Walter Brasch: The solution to the “newspaper-in-crisis” wailing, with innumerable predictions that print newspapers will soon be as dead as the trees that give them nourishment, may not be in cutting staff, and replacing the news product with fluff and syndicated stories that fill pages, but are available on hundreds of websites, but in giving readers more.
Jim Fuller: Day after day, Beck strides his set at Fox and rants, spit sometimes spraying from his mouth, his puffy face often growing red and his eyes crazily wide, waving his arms and looking and sounding more each week like somebody who is about to crack up before millions of viewers.
Mike Price: Everybody seems to have a theory about the “real” reason for Keith Olbermann’s sudden departure from MSNBC. Mine, not that anybody asked, is that it had something to do with his insistence upon reading James Thurber to us every Friday at the close of his show.
Randy Shaw: The latest example of the sad decline of the New York Times Book Review under editor Sam Tanenhaus is its January 2, 2010 edition on “Why Criticism Matters” that excludes African-American and Latino critics.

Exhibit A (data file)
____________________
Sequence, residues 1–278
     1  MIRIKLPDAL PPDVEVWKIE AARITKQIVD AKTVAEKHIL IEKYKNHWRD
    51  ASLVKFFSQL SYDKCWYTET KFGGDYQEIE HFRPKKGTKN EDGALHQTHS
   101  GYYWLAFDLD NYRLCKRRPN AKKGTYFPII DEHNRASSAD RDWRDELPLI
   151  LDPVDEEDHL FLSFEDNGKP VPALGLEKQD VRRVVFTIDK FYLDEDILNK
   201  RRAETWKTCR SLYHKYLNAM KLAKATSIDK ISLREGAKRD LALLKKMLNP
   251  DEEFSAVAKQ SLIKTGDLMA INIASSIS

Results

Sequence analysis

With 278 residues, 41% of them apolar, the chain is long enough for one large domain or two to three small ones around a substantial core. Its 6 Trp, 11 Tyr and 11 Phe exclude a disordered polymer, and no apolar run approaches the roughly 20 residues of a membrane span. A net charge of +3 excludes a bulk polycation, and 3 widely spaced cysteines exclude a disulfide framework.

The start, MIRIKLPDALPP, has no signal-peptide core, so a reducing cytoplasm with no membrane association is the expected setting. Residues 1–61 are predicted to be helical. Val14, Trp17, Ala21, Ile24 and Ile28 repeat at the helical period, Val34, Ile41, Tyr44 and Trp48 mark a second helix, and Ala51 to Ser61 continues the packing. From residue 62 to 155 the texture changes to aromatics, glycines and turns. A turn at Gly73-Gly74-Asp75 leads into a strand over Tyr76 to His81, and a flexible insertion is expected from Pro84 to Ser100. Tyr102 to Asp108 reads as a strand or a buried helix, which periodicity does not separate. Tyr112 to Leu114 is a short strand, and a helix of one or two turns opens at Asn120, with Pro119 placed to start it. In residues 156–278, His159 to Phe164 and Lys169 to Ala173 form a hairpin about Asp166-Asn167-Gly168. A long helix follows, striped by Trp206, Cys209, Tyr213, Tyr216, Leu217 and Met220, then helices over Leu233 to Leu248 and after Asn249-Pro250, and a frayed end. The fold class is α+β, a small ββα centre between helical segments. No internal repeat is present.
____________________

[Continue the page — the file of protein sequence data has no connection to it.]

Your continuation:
In Conversation: Matt Taibbi and Nomi Prins. Plus music by Michael Penn. Friday, November 12 • 8 PM
Jim Cullen: Zeitoun is revealing less in what it shows about those awful days in August and September of 2005 than as a lightning-illuminated snapshot of the ongoing decay of an egalitarian American democracy.
Randy Shaw: Those who grew up pre-Internet love the feel of a newspaper in their hands, and many cannot imagine reading a book on a computer screen. But what’s become known as the Millennial Generation, those who knew computers before they could read, do not have loyalty to the printed page.